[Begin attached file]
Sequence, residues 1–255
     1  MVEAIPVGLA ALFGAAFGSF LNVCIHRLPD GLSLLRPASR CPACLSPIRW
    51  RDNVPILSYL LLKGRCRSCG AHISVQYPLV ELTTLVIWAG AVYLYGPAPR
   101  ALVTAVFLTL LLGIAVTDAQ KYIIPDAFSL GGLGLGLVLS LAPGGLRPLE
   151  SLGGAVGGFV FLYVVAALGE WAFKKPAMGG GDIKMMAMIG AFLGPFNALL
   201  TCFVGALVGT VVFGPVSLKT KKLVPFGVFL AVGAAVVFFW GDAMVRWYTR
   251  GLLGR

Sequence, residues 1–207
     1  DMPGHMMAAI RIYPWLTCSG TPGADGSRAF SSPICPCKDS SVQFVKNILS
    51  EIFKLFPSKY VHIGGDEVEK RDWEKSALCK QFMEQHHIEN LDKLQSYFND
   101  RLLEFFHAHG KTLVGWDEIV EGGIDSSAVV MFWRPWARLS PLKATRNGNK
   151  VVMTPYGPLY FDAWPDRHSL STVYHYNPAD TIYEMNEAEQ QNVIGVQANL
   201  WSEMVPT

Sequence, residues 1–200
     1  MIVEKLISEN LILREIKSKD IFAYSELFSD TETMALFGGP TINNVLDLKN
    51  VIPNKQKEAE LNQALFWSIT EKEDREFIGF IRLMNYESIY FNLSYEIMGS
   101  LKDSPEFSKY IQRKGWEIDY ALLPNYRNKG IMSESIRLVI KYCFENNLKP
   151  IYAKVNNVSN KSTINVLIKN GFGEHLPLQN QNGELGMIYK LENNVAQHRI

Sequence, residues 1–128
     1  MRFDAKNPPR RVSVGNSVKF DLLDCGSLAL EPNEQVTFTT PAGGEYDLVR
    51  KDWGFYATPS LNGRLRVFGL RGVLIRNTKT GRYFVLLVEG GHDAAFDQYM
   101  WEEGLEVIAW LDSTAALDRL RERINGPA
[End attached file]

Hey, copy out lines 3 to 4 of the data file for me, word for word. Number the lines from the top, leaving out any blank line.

    51  RDNVPILSYL LLKGRCRSCG AHISVQYPLV ELTTLVIWAG AVYLYGPAPR
   101  ALVTAVFLTL LLGIAVTDAQ KYIIPDAFSL GGLGLGLVLS LAPGGLRPLE